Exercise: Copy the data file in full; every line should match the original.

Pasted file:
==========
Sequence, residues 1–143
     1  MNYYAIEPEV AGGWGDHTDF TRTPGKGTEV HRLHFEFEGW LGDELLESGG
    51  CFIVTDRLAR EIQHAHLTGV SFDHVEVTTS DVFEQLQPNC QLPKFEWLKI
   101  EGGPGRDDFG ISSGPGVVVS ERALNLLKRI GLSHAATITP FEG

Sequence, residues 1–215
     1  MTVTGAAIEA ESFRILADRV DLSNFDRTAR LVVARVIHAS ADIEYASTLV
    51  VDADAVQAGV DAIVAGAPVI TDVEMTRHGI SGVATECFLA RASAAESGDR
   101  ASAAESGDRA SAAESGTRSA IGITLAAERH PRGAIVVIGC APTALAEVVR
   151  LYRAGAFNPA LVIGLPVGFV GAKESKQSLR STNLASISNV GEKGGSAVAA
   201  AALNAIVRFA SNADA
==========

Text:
Sequence, residues 1–143
     1  MNYYAIEPEV AGGWGDHTDF TRTPGKGTEV HRLHFEFEGW LGDELLESGG
    51  CFIVTDRLAR EIQHAHLTGV SFDHVEVTTS DVFEQLQPNC QLPKFEWLKI
   101  EGGPGRDDFG ISSGPGVVVS ERALNLLKRI GLSHAATITP FEG

Sequence, residues 1–215
     1  MTVTGAAIEA ESFRILADRV DLSNFDRTAR LVVARVIHAS ADIEYASTLV
    51  VDADAVQAGV DAIVAGAPVI TDVEMTRHGI SGVATECFLA RASAAESGDR
   101  ASAAESGDRA SAAESGTRSA IGITLAAERH PRGAIVVIGC APTALAEVVR
   151  LYRAGAFNPA LVIGLPVGFV GAKESKQSLR STNLASISNV GEKGGSAVAA
   201  AALNAIVRFA SNADA